In February 2015 the terrorist group ISIS beheaded twenty-one Christians on a beach in Libya. In a video the men are seen moments before their execution, calling out to Jesus and mouthing prayers. Most of them were Egyptian migrant laborers working to provide for their families.
ISIS slaughtered the men in order to shock the world with terror. The response of their families sent an altogether different message. One mother of a twenty-five-year-old victim said, “I’m proud of my son. He did not change his faith till the last moment of death. I thank God. . . . He is taking care of him.”1
A priest described his congregation, which lost thirteen of its men, by saying, “The whole congregation was coming to the church to pray for their return, but in their prayers later on, they asked that if they died, they die for their faith, and that’s what happened. The congregation is actually growing, psychologically and spiritually.”2
The men could have lived. With a simple confession of Allah, knives would have been lowered and lives spared.
What would you have done?
The question is more than academic. You may not face blades and terrorists, but don’t you face critics and accusers? Family members mock your beliefs. Professors make fun of your faith. Colleagues gossip about your convictions. Do you sometimes feel all alone?
As many as five years have passed since Esther was appointed queen (Est. 2:16–17 and 3:7). Life has been good to her and Mordecai. She lives in the lap of luxury. He serves in a seat of power. Both continue to keep their Jewish nationality a secret. As far as anyone knows, they are pure Persian. All is good until Mordecai overhears a plot.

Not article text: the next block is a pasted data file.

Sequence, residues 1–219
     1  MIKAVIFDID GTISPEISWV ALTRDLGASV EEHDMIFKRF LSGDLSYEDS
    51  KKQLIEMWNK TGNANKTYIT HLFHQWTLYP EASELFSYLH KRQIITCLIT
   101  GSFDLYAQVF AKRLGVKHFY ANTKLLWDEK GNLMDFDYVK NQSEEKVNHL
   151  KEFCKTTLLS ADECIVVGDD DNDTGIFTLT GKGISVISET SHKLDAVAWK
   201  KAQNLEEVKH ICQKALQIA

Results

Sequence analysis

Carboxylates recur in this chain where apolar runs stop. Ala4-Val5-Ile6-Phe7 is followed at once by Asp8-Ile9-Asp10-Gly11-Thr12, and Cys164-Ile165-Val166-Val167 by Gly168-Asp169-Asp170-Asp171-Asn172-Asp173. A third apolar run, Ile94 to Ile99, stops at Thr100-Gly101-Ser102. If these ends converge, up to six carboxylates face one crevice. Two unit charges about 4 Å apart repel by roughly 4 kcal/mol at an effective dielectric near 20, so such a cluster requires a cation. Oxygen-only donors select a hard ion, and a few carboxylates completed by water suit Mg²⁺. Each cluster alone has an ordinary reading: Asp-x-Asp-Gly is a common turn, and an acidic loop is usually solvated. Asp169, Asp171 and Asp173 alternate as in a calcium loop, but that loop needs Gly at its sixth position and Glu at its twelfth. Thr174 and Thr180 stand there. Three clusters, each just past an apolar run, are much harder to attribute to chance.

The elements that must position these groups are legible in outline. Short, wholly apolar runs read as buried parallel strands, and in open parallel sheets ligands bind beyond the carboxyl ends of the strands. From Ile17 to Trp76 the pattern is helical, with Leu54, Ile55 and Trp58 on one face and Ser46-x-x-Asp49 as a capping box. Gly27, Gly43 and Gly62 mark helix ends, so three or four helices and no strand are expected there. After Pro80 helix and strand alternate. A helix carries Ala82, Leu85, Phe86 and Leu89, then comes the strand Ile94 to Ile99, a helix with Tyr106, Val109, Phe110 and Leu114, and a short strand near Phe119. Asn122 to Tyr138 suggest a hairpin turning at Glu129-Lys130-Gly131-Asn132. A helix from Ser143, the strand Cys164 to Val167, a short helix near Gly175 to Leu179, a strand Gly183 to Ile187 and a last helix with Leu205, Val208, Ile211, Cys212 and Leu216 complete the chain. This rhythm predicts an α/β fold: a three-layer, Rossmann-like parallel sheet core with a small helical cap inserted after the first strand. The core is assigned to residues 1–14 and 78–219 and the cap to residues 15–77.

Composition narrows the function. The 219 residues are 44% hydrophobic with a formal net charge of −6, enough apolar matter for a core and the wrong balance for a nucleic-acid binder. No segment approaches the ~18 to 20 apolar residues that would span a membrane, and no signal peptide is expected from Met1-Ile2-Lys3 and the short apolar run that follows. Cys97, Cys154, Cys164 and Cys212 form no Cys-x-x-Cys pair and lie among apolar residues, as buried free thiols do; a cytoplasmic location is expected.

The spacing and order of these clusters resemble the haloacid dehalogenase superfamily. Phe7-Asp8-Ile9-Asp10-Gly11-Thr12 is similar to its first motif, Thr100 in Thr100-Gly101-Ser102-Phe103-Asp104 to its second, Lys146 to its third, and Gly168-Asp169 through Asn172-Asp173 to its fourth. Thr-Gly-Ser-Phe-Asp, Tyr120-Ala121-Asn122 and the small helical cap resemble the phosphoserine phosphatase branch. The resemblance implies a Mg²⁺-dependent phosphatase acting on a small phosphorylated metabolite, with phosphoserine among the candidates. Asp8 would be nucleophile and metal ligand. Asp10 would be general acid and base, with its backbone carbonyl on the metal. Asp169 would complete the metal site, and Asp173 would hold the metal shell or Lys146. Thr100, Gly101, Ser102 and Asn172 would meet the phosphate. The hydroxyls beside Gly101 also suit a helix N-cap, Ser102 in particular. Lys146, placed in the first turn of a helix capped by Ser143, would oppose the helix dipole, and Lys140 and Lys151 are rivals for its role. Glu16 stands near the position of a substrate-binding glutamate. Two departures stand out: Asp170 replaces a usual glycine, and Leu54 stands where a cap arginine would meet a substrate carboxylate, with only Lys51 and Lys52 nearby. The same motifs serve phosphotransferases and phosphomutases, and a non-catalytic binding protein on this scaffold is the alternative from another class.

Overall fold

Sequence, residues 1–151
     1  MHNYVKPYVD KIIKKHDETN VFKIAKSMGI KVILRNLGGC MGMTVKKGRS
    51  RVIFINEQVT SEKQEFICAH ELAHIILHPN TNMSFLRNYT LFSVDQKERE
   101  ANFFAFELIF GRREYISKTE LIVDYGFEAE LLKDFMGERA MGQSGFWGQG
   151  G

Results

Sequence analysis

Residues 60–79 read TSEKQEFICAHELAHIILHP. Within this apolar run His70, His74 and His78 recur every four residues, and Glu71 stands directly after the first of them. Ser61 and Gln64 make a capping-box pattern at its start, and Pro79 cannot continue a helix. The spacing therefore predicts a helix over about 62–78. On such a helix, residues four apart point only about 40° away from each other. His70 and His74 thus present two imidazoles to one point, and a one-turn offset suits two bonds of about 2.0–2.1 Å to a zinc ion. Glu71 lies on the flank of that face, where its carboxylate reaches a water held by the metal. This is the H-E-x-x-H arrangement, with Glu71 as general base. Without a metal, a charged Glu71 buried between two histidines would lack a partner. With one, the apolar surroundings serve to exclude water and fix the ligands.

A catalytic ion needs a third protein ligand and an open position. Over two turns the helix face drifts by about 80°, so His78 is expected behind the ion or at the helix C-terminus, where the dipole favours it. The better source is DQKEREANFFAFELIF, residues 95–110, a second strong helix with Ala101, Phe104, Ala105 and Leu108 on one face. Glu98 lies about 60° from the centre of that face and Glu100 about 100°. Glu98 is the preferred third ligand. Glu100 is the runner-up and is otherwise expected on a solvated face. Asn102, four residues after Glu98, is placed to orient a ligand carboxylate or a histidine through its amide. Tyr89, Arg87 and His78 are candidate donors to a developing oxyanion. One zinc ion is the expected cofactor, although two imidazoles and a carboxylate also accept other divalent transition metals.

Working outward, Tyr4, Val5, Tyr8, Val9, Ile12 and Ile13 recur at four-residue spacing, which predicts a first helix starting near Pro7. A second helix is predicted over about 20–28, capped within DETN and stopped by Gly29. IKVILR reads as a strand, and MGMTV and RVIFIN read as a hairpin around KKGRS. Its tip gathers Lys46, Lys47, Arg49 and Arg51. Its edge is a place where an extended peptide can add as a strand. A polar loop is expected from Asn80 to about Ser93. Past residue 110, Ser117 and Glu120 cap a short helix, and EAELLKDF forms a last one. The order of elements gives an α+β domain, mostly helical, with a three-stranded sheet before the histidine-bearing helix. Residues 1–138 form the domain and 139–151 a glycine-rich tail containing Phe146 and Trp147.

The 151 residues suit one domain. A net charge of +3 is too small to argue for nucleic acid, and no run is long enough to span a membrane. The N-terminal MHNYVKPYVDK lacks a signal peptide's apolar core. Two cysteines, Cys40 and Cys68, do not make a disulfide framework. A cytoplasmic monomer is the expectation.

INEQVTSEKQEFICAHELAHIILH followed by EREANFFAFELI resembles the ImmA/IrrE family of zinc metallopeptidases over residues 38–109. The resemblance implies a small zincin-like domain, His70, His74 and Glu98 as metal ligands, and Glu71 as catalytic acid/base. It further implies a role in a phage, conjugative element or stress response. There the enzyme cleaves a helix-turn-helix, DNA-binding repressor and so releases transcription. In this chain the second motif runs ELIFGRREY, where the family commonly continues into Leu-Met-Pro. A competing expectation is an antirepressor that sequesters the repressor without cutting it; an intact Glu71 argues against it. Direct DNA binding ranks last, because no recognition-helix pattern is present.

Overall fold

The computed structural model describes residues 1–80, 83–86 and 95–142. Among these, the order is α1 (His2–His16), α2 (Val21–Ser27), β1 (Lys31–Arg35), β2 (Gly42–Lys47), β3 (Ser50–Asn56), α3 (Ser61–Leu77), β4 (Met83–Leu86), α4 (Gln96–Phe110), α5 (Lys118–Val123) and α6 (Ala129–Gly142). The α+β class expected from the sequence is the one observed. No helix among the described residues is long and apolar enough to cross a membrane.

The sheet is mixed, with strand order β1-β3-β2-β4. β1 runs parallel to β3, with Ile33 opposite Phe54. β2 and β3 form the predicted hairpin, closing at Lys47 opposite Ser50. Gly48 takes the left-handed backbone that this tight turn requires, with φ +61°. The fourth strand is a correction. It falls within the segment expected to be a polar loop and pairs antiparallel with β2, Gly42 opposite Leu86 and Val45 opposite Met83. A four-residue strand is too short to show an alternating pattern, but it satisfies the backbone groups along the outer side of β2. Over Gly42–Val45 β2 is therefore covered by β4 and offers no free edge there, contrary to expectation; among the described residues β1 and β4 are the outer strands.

In those days, while Mordecai sat within the king’s gate, two of the king’s eunuchs, Bigthan and Teresh, doorkeepers, became furious and sought to lay hands on King Ahasuerus. So the matter became known to Mordecai, who told Queen Esther, and Esther informed the king in Mordecai’s name. And when an inquiry was made into the matter, it was confirmed, and both were hanged on a gallows; and it was written in the book of the chronicles in the presence of the king. (2:21–23 NKJV)
The Persian versions of John Wilkes Booth and Lee Harvey Oswald schemed to assassinate King Xerxes, but their big mouths got them into trouble. Mordecai caught wind of the plot, reported them to Esther, and they ended up on the king’s gallows.
And . . . that’s it. No more details. No public recognition for Mordecai. No more character development. No explanation. My editors would red ink me. “Why include this story?” “Who are these people?” “What happened next?”